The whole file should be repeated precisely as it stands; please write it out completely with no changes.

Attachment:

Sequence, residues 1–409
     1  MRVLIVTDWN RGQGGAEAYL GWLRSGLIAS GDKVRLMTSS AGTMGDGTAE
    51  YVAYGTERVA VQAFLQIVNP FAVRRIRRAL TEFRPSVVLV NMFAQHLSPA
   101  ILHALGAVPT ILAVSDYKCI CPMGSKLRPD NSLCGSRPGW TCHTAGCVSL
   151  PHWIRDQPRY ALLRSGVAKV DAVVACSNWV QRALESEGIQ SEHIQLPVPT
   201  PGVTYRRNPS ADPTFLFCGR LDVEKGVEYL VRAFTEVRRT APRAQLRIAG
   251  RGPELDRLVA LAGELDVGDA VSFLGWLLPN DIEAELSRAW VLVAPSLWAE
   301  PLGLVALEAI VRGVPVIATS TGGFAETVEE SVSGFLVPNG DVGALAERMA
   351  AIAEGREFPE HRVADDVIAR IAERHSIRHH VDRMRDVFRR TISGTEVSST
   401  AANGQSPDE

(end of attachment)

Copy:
Sequence, residues 1–409
     1  MRVLIVTDWN RGQGGAEAYL GWLRSGLIAS GDKVRLMTSS AGTMGDGTAE
    51  YVAYGTERVA VQAFLQIVNP FAVRRIRRAL TEFRPSVVLV NMFAQHLSPA
   101  ILHALGAVPT ILAVSDYKCI CPMGSKLRPD NSLCGSRPGW TCHTAGCVSL
   151  PHWIRDQPRY ALLRSGVAKV DAVVACSNWV QRALESEGIQ SEHIQLPVPT
   201  PGVTYRRNPS ADPTFLFCGR LDVEKGVEYL VRAFTEVRRT APRAQLRIAG
   251  RGPELDRLVA LAGELDVGDA VSFLGWLLPN DIEAELSRAW VLVAPSLWAE
   301  PLGLVALEAI VRGVPVIATS TGGFAETVEE SVSGFLVPNG DVGALAERMA
   351  AIAEGREFPE HRVADDVIAR IAERHSIRHH VDRMRDVFRR TISGTEVSST
   401  AANGQSPDE